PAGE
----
On advent Sunday we returned to Cadogan Hall together with the English Chamber Orchestra for a performance of Handel’s Messiah. We were thrilled to be joined by soloists Grace Davidson (soprano), Andrew Staples (tenor), David Soar (bass) and as a last minute replacement for our Patron Sarah Connolly, who was sadly taken ill, Anna Stéphany (mezzo soprano). Grace, Andrew and Anna all used to sing in Tenebrae as youngsters so it was a particular joy to see how far they had all come since those early days. Of course they sang beautifully and fully entered into the spirit of trying to bring out every bit of drama in the work and I must confess to being blown away by Andrew’s recit sequence ‘Thy rebuke’ and later on his aria ‘Thou shalt dash them’. He, along with the others, are now not surprisingly recognised on the international concert platform as exceptional musicians with wonderful voices and most importantly as having that rare ability to transport audiences in the way they communicate the music they sing. We hope to be performing the Messiah every year on Advent Sunday so watch this space for an announcement on next year – when we hope that Sarah Connolly will be fit and well and able to join us! The choir were stunning and delivered every note with such conviction and power that it was no surprise the audience erupted into cheers (even half a standing ovation, which doesn’t happen often in the UK!) when it was time for them to take their bow.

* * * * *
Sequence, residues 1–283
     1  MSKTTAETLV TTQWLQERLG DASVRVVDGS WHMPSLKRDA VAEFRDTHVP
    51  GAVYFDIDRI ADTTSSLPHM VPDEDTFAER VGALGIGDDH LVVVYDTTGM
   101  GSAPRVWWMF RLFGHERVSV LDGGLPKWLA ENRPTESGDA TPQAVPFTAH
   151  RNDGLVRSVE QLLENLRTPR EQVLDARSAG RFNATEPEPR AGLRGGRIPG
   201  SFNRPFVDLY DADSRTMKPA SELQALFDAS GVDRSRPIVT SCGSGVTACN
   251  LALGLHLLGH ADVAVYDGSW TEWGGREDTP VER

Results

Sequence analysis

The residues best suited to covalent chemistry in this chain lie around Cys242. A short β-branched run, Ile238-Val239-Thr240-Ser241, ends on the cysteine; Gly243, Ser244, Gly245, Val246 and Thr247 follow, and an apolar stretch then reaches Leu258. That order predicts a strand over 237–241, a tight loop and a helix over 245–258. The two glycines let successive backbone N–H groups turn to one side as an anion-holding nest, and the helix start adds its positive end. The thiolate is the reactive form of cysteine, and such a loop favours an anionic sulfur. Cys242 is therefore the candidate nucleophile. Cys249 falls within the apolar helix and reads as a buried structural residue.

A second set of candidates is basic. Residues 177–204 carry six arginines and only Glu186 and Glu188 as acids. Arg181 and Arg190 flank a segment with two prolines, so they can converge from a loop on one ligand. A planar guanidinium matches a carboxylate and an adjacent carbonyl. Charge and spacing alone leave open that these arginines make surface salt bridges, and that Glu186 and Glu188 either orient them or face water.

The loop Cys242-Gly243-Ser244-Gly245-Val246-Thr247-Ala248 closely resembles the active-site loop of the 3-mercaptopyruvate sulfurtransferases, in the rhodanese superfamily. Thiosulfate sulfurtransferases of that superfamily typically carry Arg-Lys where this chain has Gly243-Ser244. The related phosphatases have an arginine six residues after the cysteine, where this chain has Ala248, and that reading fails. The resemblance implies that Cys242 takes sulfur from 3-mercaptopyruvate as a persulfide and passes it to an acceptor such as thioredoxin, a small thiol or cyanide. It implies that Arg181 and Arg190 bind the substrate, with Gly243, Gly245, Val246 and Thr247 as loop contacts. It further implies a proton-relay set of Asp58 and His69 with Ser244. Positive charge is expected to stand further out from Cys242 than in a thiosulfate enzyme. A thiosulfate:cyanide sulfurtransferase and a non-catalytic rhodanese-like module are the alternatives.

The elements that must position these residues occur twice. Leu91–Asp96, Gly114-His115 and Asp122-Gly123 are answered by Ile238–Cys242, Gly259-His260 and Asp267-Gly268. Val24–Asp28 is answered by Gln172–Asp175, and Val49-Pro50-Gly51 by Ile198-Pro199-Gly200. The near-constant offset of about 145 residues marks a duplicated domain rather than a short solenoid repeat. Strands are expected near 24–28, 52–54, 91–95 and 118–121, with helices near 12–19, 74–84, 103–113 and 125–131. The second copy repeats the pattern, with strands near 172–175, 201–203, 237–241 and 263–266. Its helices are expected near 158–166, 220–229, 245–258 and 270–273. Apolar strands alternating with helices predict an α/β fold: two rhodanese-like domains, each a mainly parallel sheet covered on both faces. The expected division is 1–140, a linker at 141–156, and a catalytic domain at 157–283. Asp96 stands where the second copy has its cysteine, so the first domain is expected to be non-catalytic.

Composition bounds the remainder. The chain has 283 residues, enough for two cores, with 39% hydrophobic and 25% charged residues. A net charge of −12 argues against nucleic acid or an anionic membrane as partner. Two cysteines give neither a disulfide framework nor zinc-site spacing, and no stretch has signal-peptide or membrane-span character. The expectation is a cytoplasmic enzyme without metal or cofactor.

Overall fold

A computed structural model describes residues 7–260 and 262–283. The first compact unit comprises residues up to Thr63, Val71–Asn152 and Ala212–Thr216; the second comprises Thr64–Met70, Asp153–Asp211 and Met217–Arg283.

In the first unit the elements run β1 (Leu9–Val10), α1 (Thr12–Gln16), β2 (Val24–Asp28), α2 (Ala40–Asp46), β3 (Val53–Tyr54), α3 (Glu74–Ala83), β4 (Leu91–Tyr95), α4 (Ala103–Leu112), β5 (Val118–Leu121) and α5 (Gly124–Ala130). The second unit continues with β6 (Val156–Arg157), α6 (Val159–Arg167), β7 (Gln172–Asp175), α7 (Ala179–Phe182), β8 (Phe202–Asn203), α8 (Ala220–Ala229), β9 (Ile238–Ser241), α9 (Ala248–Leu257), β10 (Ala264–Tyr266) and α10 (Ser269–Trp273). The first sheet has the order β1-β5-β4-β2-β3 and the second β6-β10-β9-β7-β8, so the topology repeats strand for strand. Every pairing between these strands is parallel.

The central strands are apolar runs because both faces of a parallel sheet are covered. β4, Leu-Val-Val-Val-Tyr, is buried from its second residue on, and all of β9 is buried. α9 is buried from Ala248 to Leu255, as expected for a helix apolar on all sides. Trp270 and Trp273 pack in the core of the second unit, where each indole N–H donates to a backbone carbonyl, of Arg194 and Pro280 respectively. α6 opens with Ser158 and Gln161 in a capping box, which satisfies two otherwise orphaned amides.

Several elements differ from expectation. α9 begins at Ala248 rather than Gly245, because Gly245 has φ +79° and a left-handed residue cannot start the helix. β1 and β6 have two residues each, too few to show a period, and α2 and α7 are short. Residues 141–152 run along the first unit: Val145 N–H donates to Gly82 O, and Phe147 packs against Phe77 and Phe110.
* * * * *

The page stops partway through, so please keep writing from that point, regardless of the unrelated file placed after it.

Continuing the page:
We then launched into several smaller scale events which enabled us to get to grips again – we hadn’t sung it since recording it last year in January! – with the programme for our Christmas concert at Kings Place on December 11th. This was such fun. Along with music from some well-known names such as Peter Warlock, Gustav Holst and John Gardner, there were lesser known gems from major figures in the British choral scene over the last 50 or 60 years or so. ‘I Saw Three Ships’ and ‘There Is No Rose’ by Simon Preston, both infused with some delightful, dare I say slightly outrageous, harmonies and playful syncopations. Add to that Christopher Robinson’s ‘Rejoice and be Merry’, Richard Knight’s ‘Come rock his cradle’, Richard Lloyd’s ‘Love came down at Christmas’, Adrian Peacock’s firecracker ‘Veni, veni’ and many others it all made for a lovely evening of fresh repertoire for this time of the year! Again a good portion of the audience jumped to its feet at the end and gave the composers who were present a huge ovation as true servants of our wonderful heritage in choral music. Long may it continue.
I wish these composers and the other contemporary composers I’ve had the good fortune to work with, all of our glorious and talented singers, our fabulous new manager Henry Southern, our brilliant and generous Trustees and Patrons, and indeed all of our audiences and anyone who has enjoyed listening to music performed by Tenebrae a very merry Christmas and a happy new year!